"How would you spend a $30,000 budget for marketing an SMB software-as-a-service (SaaS) application?"
He's selling into "a huge but highly competitive market." "
Now it's just a matter of where to spend the $30,000.
Don't spend a dime yet
My advice: Put the checkbook away.
Sure, the company could try several marketing tactics that might be helpful and reasonably cost-effective: search engine optimization (SEO), Google adwords, PR, and others.
But in a highly competitive market, $30,000 won't go far. The company could easily spend that amount on adwords in a single month, and good SEO or PR professionals need to get paid.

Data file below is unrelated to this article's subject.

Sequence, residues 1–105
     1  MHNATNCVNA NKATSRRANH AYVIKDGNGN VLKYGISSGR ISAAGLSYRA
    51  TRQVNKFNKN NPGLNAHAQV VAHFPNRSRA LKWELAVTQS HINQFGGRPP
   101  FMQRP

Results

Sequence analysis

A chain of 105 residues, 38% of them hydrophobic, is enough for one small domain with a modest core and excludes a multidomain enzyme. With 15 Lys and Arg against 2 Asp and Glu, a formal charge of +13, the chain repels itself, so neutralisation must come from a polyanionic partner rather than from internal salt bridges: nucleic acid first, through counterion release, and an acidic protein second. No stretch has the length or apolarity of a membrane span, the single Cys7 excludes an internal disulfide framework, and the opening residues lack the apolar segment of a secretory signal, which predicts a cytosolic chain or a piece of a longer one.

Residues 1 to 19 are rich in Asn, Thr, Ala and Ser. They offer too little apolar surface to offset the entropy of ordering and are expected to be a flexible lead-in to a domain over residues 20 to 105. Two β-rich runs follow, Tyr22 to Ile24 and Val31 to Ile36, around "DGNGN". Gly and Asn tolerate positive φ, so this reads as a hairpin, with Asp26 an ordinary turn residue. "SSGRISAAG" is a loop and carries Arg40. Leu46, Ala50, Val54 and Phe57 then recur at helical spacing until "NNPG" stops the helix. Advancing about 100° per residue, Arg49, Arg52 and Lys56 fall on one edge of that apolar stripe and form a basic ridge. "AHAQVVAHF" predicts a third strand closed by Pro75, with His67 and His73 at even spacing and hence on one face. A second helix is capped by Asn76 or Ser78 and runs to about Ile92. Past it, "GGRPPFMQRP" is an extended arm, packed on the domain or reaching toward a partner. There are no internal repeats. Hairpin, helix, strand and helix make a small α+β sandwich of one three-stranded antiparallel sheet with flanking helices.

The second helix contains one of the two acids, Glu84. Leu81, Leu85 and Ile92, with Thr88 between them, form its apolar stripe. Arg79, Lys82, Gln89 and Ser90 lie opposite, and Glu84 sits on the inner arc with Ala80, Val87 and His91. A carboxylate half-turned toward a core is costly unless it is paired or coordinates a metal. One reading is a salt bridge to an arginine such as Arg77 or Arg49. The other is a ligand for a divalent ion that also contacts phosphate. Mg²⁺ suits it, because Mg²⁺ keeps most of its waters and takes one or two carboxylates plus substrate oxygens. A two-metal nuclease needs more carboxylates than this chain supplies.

If the company is facing well-established and well-funded competitors, it'll need to articulate a significant advantage over these other solutions. A few extra features aren't nearly enough.
A new solution can't just be better; it needs to be a lot better.
Don't promote before you know what you're promoting
There's a lesson in here for all SaaS companies:
Don't spend money on search engine marketing, PR, or any other channel, until you have a
Once the solution is built is not the time to start marketing. Companies should think through these messages and their value proposition much earlier in the process.
If you're interested in building a viable business, developing a compelling value proposition is just as important as developing a sound technology solution. Marketing and messaging are not after-thoughts.
If you don't know who should buy your solution, what problem it solves, and why it's better than anything else out in the market, no amount of money - not $30,000, not $300,000, not $3 million - will help much.